Our gross margin substantially increased by 360 bases points for the quarter continuing to demonstrate the operating leverage of our on net business. Our fourth quarter gross margin was 55.2% compared to the 51.6% for third quarter. Our gross margin increase of 650 bases points for the full fiscal year 2006 to full fiscal year 2007 where our margins in 2006 for full year were 46.3% and 52.8% for fiscal year 2007. As Tad will quantify, we anticipate further gross margin and EBIDTA margin expansion to continue sequentially throughout 2008. Our direct incremental on net gross margin remain approximately 100% with direct incremental EBIDTA margins in our on net business of approximately 95%.

We added 28 building to our network in Q4 2007 bringing our total 2007 on net building increase to 110. This was 10 more than the stated goal of 100 buildings. For 2008, we expect to see continued expansion in all or on net footprint adding buildings at approximately the same pace adding another 100 buildings to our network in 2008. We have secured additional fiber and construction is underway in expanding our network even further into new markets. We are expanding into the Ukraine within the former Soviet Union to Kiev to Sophia in Bulgaria, and here in North America, and extensions into Des Moines, Iowa, Minneapolis, Minnesota, and Detroit Michigan all new markets to the Cogent network. We continue to evaluate additional fiber routes both in Europe and North America.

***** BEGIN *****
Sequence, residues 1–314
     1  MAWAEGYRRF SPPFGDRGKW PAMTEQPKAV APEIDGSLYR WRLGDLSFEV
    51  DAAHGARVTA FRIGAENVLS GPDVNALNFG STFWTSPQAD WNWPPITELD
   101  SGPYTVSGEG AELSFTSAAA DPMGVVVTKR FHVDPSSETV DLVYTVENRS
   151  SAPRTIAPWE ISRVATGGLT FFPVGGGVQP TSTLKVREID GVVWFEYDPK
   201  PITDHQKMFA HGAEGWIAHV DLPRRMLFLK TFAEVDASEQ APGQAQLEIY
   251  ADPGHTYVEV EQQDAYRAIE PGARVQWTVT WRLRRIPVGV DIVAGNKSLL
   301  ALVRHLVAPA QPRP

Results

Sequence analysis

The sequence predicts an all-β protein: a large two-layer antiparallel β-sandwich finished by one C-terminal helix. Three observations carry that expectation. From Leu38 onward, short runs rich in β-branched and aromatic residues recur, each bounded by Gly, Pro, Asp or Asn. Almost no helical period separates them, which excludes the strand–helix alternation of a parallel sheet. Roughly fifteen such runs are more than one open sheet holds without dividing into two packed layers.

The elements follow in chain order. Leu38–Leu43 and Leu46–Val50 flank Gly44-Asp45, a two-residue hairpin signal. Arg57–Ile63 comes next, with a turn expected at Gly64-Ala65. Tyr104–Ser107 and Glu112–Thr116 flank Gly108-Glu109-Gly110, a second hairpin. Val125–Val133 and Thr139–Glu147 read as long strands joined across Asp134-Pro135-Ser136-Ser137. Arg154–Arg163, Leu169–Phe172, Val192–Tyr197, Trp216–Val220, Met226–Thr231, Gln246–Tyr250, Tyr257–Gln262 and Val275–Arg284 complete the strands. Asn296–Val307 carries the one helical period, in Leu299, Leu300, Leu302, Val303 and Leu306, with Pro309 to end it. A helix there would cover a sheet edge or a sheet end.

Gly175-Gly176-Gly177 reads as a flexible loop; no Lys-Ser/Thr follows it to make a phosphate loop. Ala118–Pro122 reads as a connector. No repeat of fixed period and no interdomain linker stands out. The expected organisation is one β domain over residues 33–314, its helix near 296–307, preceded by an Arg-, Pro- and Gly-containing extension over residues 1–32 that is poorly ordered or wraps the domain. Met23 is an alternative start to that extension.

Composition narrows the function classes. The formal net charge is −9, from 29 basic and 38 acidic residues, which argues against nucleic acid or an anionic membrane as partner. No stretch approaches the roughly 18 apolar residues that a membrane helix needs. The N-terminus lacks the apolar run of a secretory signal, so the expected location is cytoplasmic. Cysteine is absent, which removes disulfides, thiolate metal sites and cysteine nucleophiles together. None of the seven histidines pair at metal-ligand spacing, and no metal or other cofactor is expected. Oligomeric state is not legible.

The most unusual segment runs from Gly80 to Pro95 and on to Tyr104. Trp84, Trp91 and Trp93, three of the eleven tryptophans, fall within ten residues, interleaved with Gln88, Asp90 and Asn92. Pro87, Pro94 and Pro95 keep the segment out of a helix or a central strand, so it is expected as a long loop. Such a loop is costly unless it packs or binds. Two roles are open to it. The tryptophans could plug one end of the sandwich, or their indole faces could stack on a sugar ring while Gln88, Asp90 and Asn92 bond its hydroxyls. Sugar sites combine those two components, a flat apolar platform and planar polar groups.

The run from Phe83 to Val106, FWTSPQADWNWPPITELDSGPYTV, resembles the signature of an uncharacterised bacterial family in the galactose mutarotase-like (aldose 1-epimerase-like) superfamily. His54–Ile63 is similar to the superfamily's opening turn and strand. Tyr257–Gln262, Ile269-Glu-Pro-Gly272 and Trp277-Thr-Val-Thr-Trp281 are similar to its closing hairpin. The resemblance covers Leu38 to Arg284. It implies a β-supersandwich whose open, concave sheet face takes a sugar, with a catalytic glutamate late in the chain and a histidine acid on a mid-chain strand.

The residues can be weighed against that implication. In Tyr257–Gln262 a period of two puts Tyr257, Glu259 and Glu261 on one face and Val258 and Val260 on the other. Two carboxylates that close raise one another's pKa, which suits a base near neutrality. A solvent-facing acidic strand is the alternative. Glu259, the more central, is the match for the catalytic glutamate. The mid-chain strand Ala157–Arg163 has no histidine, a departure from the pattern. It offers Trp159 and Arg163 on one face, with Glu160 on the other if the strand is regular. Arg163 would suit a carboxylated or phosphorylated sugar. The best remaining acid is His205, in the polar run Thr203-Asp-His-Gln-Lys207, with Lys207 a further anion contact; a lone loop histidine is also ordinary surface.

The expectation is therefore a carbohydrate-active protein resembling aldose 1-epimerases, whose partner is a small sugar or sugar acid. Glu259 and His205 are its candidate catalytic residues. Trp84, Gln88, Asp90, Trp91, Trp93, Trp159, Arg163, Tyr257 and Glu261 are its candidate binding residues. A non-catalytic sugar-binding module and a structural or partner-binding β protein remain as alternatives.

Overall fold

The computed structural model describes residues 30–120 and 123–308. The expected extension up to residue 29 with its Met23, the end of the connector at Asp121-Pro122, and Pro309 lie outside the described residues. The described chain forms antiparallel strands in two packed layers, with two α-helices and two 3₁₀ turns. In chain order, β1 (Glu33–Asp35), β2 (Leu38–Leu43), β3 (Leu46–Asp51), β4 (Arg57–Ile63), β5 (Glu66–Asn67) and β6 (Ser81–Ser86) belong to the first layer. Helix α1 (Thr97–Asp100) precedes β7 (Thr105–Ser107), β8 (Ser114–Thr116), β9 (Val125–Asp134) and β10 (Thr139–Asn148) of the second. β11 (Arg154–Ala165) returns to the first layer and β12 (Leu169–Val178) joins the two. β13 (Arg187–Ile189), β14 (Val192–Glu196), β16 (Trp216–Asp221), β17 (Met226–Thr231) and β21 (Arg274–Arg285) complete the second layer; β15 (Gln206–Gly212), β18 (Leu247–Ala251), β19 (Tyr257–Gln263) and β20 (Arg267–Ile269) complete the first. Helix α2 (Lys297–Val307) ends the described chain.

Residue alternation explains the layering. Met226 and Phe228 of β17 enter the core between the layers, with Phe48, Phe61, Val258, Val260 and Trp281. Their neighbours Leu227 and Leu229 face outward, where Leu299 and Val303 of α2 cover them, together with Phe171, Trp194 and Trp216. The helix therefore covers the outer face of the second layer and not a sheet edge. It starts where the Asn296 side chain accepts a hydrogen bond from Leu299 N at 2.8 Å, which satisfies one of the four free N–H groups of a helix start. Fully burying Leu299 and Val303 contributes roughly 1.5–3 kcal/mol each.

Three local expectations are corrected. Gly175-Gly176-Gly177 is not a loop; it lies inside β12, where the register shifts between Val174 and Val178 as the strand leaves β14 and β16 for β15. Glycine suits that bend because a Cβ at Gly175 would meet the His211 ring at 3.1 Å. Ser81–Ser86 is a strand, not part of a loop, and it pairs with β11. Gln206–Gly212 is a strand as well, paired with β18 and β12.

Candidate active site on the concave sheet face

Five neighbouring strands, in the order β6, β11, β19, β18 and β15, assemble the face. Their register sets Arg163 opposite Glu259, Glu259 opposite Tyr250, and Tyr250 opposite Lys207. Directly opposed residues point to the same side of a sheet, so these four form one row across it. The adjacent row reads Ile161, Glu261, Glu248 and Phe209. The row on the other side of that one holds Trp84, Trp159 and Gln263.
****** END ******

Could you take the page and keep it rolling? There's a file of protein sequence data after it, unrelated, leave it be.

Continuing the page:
Now I would like Tad to cover some additional details related to our fourth quarter and full fiscal year 2007 results. As well, Tad will provide some additional guidance for first quarter 2008 and update and reaffirm our guidance for fiscal year 2008. Let me turn it over to Tad.

Thaddeus Weed

Thanks Dave, and again, good morning to everyone. And I would like to also thank and congratulate our entire team on their very hard work and performance, not only for the quarter but for the entire year of 2007. 2007 was the third year that Cogent was required to comply with the Sarbanes-Oxley section of 404 control work and that effort is obviously in addition to fulfilling our usual day jobs and statutory and corporate audit requirements. And I’m once again proud to announce that the work has been completed and our auditors will be issuing unqualified or clean stocks opinion for 2007.